Amanda Luedeke

June 12, 2014

Thursdays with Amanda: Do Radio and TV Spots Sell Books?



Amanda Luedeke is a literary agent with MacGregor Literary. Every Thursday, she posts about growing your author platform. You can follow her on Twitter @amandaluedeke or join her Facebook group to stay current with her wheelings and dealings as an agent. Her author marketing book, The Extroverted Writer, is available from Amazon and Barnes & Noble.


A bestselling author wrote us to ask about the usefulness of TV and radio spots in today’s multimedia culture. The question was something like this:

 I’ve been approached by a number of radio and TV shows. They want me to go on air for an interview or guest spot. With radio this isn’t a problem, though I certainly am questioning the effectiveness of such a marketing strategy in today’s culture, but with the TV opportunities, they never want to help me with travel costs.  And I’m simply not going to spend $1000 in travel costs for nine minutes of air time when I know for a fact that my sales have never spiked after such an appearance. Am I wrong in my thinking here? What’s the value of this kind of old school marketing?

TV and radio spots on well-known networks or shows seem to make publishers happy. They like the notoriety, and frankly, authors like it too. But you’re right. It can get very expensive and like most marketing, there isn’t a guarantee that your sales will increase. In fact I’d say that in nearly all cases of the author going on TV or radio to promote a book, the sales stay relatively the same.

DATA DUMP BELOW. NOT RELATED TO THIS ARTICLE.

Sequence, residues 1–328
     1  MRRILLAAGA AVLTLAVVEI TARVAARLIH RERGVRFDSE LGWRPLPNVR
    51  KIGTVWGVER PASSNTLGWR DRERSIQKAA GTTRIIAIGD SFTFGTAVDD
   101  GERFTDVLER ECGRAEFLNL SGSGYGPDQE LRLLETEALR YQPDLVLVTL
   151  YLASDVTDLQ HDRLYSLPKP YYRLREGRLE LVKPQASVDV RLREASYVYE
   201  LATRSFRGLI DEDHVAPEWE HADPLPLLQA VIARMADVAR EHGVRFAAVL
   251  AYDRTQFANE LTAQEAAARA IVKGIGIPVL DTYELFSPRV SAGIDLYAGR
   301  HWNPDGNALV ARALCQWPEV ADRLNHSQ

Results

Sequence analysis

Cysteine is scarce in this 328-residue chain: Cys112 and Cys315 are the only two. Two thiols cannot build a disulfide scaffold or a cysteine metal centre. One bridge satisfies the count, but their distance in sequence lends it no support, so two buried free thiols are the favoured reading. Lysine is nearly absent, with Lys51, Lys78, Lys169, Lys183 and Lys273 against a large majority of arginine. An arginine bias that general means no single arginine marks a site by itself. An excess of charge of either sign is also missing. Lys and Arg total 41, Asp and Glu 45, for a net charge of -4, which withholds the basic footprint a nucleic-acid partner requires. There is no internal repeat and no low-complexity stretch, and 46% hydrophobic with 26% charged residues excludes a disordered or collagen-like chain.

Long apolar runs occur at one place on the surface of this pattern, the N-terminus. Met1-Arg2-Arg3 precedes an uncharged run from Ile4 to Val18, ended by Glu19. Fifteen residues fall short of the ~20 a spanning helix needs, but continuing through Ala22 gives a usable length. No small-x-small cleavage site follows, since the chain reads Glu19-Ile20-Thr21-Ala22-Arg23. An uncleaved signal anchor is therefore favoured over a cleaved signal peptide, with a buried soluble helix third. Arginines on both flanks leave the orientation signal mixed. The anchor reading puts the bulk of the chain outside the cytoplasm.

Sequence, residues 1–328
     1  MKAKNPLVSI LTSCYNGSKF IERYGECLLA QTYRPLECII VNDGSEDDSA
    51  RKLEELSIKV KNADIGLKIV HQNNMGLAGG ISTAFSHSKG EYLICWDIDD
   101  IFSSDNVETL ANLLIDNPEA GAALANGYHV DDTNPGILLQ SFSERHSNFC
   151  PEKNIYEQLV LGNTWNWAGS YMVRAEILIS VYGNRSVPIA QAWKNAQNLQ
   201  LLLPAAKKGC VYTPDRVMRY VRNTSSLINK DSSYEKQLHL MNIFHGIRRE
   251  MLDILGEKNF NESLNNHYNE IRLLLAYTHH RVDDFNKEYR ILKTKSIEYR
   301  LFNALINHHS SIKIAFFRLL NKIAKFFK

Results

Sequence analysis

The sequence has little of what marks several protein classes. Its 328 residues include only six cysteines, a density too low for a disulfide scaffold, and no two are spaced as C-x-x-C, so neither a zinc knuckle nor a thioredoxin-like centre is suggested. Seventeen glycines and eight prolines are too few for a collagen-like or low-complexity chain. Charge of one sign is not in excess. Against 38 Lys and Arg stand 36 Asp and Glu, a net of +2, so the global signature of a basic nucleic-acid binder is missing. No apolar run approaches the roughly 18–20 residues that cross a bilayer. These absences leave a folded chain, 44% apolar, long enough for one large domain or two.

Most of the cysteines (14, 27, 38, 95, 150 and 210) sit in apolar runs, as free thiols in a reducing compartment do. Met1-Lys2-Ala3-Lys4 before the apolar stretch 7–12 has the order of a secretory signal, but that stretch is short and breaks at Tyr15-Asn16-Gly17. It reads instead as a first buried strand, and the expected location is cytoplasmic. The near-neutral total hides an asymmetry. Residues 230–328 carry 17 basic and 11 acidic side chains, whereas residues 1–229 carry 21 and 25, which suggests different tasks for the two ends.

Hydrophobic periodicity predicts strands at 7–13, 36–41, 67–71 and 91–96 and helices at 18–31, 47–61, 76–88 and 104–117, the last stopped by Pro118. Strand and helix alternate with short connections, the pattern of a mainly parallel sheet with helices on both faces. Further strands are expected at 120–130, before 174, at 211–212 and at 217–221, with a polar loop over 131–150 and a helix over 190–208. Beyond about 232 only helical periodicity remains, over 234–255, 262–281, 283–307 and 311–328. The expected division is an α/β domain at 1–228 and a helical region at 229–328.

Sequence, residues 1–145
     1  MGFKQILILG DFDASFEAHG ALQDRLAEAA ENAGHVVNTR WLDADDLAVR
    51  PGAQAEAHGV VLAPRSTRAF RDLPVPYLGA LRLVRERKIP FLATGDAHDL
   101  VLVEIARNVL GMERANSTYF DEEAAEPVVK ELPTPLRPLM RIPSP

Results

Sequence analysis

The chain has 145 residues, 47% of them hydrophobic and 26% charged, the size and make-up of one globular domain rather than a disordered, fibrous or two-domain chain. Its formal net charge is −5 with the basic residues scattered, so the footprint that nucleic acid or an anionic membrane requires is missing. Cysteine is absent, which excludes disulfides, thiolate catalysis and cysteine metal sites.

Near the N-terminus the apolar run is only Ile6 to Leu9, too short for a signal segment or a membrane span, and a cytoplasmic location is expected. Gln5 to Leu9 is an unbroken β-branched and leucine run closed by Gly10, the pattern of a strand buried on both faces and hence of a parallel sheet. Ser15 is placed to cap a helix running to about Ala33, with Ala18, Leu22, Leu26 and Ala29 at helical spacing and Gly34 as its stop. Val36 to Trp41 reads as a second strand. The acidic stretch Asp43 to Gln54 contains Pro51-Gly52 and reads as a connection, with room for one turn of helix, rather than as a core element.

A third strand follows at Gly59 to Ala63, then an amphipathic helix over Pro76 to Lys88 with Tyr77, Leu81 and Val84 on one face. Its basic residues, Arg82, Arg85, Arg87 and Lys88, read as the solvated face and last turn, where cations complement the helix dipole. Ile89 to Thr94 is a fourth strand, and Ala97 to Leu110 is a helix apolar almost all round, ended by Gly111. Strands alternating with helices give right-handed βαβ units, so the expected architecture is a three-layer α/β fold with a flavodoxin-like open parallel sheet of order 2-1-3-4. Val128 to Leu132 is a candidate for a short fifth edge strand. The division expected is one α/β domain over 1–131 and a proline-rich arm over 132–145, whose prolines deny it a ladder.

I blame this on a few factors:

  1. Readers are being more stingy with their book money, and
  2. This kind of marketing doesn’t carry the weight that it once did because we live in an age in which consumers are being targeted nearly every single moment of every single day.

It’s that last point that I’d like to expand upon.

TV and radio used to be great promotional tools, but that’s because there were few ways consumers could learn about new or noteworthy products. We’re talking back in the day when people would order things via catalogue, and when commercials were the main advertising tool for companies. I remember, as a kid, being entirely unaware of new toys unless I either saw the toy advertised on TV or managed to convince my parents to take me to the toy store. Those were my options. TV or the in-store experience.

But now, we’re blasted with advertising every moment we’re online (which happens to be ALL THE TIME, thanks to smart phones). Product placement is on the rise, and even Xbox and PlayStation video games hold their share of advertsiements, tucked away into the background of the game world.

Paired with this is a world in which consumers can research every product that is a potential match for their needs. They can read reviews and watch videos and Tweet or Facebook the companies about their products. Consumers have the convenience of making educated and well-researched purchasing decisions. And while you may think that this only happens when it comes to expensive products, you’re wrong. Just the other week, I spent an hour or two researching a $20-30 fitness band for my cell phone.